Starbucks Coffee Educator Reveals the Most Common Mistake when Brewing Coffee at Home


Although most people love coffee, coffee beans have two enemies.

Refrigerators and freezers are “not the friend, but rather the enemy of good coffee,” Starbucks coffee educator Major Cohen told Parade magazine.  One of the main problems with storing coffee that way is that moisture condenses on the beans or grounds, damaging the flavor.

Cohen started as a part-time barista with Starbucks in 1995. A life-long coffee fan, he now shares his passion and knowledge as a coffee education specialist. To help people learn about coffee, Cohen conducts tastings, which are called “cuppings.” The process involves sniffing and slurping various coffees and describing both the aroma and taste with words such as spicy, earthy, roasty, and citrusy.

Parade asked Cohen to share tips for brewing coffee at home in the article “Do You Make This Common Mistake When Brewing Coffee.

In addition, here are four fundamentals to help brew the perfect cup of Starbucks® coffee at home:

Proportion

The general rule for coffee-making is two tablespoons (10 grams) of ground coffee for each six ounces (180 milliliters) of water. Too few coffee grounds result in over-extracted or bitter coffee. Too many grounds result in under-extracted coffee that does not achieve the full flavor of the blend. Proportion is the most common coffee-making mistake – and the easiest mistake to correct.

Grind

Different brewing methods require different grinds. A grind that is too fine will trap water and result in a bitter, unpleasant brew. A grind that is too coarse leaves coffee weak and without distinguishing characteristics or flavors. Over-extracted coffee tastes much worse than under-extracted coffee, so when in doubt as to the brewing method, always err on the coarse side. Coffee connoisseurs agree that the best coffee – thick, rich and truest to its flavor profile – is made in a traditional coffee press. A coffee press requires a coarse grind.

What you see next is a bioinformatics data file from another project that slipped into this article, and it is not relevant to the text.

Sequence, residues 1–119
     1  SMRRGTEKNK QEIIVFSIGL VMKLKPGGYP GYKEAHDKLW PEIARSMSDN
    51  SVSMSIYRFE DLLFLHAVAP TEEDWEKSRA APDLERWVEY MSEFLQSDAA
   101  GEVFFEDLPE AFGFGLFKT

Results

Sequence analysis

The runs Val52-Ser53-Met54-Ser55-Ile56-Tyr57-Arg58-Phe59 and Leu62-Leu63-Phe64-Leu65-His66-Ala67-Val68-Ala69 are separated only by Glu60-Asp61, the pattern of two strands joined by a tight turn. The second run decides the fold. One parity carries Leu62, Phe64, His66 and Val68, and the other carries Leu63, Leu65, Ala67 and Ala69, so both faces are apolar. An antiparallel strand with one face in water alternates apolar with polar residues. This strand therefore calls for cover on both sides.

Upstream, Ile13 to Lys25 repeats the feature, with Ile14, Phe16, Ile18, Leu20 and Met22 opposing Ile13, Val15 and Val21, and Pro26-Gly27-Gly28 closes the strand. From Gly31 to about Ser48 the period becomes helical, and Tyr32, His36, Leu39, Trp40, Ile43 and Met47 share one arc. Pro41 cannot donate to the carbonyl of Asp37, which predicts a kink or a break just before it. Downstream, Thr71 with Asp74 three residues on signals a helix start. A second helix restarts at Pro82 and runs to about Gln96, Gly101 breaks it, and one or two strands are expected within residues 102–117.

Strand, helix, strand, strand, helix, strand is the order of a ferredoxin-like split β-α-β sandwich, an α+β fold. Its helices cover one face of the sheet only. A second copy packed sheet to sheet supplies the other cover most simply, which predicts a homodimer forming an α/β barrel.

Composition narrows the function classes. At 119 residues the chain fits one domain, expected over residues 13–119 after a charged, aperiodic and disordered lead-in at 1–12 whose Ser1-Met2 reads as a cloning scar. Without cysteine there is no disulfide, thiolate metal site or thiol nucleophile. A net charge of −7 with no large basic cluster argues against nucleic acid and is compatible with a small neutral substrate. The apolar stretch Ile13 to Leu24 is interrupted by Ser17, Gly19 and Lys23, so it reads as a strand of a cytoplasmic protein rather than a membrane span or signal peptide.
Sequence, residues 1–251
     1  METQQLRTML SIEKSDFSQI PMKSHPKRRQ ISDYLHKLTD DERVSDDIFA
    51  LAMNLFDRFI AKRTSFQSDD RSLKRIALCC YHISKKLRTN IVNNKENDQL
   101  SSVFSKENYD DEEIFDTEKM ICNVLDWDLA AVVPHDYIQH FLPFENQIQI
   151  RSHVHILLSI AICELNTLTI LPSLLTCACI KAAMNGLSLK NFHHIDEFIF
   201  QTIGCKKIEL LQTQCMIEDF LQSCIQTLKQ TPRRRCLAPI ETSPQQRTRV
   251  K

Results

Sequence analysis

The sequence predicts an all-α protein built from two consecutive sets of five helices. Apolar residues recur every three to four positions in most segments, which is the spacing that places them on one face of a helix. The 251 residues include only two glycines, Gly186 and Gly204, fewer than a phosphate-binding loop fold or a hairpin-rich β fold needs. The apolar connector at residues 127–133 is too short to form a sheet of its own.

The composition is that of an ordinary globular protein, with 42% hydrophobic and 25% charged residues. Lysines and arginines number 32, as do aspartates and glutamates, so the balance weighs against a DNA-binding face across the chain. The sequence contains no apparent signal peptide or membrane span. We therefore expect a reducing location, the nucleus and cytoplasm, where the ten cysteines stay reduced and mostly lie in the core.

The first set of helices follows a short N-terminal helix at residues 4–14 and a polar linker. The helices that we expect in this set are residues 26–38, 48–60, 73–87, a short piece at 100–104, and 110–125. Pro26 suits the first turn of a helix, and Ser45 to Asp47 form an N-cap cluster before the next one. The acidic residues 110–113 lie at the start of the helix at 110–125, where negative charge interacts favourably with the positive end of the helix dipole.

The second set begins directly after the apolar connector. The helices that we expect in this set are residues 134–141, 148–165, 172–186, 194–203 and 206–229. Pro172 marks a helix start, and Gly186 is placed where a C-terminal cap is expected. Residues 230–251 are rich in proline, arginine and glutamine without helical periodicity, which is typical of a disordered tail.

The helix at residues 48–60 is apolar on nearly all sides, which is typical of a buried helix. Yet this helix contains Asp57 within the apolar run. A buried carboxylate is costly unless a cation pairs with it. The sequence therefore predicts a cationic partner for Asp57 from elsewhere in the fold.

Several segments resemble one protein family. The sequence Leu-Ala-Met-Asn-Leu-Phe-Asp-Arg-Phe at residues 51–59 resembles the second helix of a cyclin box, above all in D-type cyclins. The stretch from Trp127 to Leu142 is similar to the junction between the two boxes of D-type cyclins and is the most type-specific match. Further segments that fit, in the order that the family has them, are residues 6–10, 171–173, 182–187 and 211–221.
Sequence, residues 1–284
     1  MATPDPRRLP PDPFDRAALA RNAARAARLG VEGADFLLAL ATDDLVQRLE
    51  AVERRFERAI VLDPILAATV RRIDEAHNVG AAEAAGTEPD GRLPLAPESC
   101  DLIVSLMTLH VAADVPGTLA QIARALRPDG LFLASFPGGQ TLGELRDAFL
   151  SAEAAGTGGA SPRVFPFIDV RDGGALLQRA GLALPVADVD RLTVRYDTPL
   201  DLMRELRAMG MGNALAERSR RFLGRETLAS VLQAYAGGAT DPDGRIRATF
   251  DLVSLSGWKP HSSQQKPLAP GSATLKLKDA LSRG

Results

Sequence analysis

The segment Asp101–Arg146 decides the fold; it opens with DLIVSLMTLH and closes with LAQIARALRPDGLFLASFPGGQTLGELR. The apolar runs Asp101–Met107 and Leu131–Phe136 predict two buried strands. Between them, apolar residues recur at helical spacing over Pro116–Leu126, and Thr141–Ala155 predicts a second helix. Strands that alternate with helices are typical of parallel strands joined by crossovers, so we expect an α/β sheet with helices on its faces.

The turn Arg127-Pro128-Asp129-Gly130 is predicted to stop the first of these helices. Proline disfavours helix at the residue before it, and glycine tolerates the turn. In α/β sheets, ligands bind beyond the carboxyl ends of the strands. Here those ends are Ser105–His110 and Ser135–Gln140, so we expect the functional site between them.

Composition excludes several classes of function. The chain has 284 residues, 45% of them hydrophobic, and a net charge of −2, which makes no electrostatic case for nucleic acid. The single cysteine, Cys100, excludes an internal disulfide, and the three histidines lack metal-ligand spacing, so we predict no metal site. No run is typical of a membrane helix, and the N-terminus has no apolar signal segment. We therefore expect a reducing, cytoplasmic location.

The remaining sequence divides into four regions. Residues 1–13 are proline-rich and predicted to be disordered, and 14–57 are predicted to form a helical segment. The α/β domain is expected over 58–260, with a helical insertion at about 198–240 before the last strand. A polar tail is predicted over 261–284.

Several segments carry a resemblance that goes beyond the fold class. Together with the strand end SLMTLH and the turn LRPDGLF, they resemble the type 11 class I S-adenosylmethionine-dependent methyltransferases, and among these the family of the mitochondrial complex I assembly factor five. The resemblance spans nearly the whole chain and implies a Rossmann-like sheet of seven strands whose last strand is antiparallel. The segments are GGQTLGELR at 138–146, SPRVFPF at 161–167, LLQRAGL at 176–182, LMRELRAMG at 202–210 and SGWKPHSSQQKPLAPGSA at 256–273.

Water

While it may not seem like an important ingredient, coffee is 98 percent water. The type of water used when brewing greatly affects the final taste. Always use clean, fresh water that is filtered or free of impurities – avoid soft water or well water. Water heated to just off the boil (195º-205ºF or 90º-96ºC) does the best job of extracting the coffee’s full range of flavors. Water that is too cool will mute the flavor and dull the coffee’s aroma.

Freshness

Coffee’s biggest enemies are oxygen and moisture. Always store coffee in an airtight container at room temperature. Storing coffee in the refrigerator or freezer can result in moisture from condensation and is not recommended for daily use. If coffee needs to be kept for more than two weeks without being used, store it in the freezer in an airtight container. Coffee should be ground fresh each time it is made. Grinding exposes more surface area to oxygen, releasing flavor and freshness. Brewed coffee should always be stored in a thermal carafe and never left on the burner or reheated.

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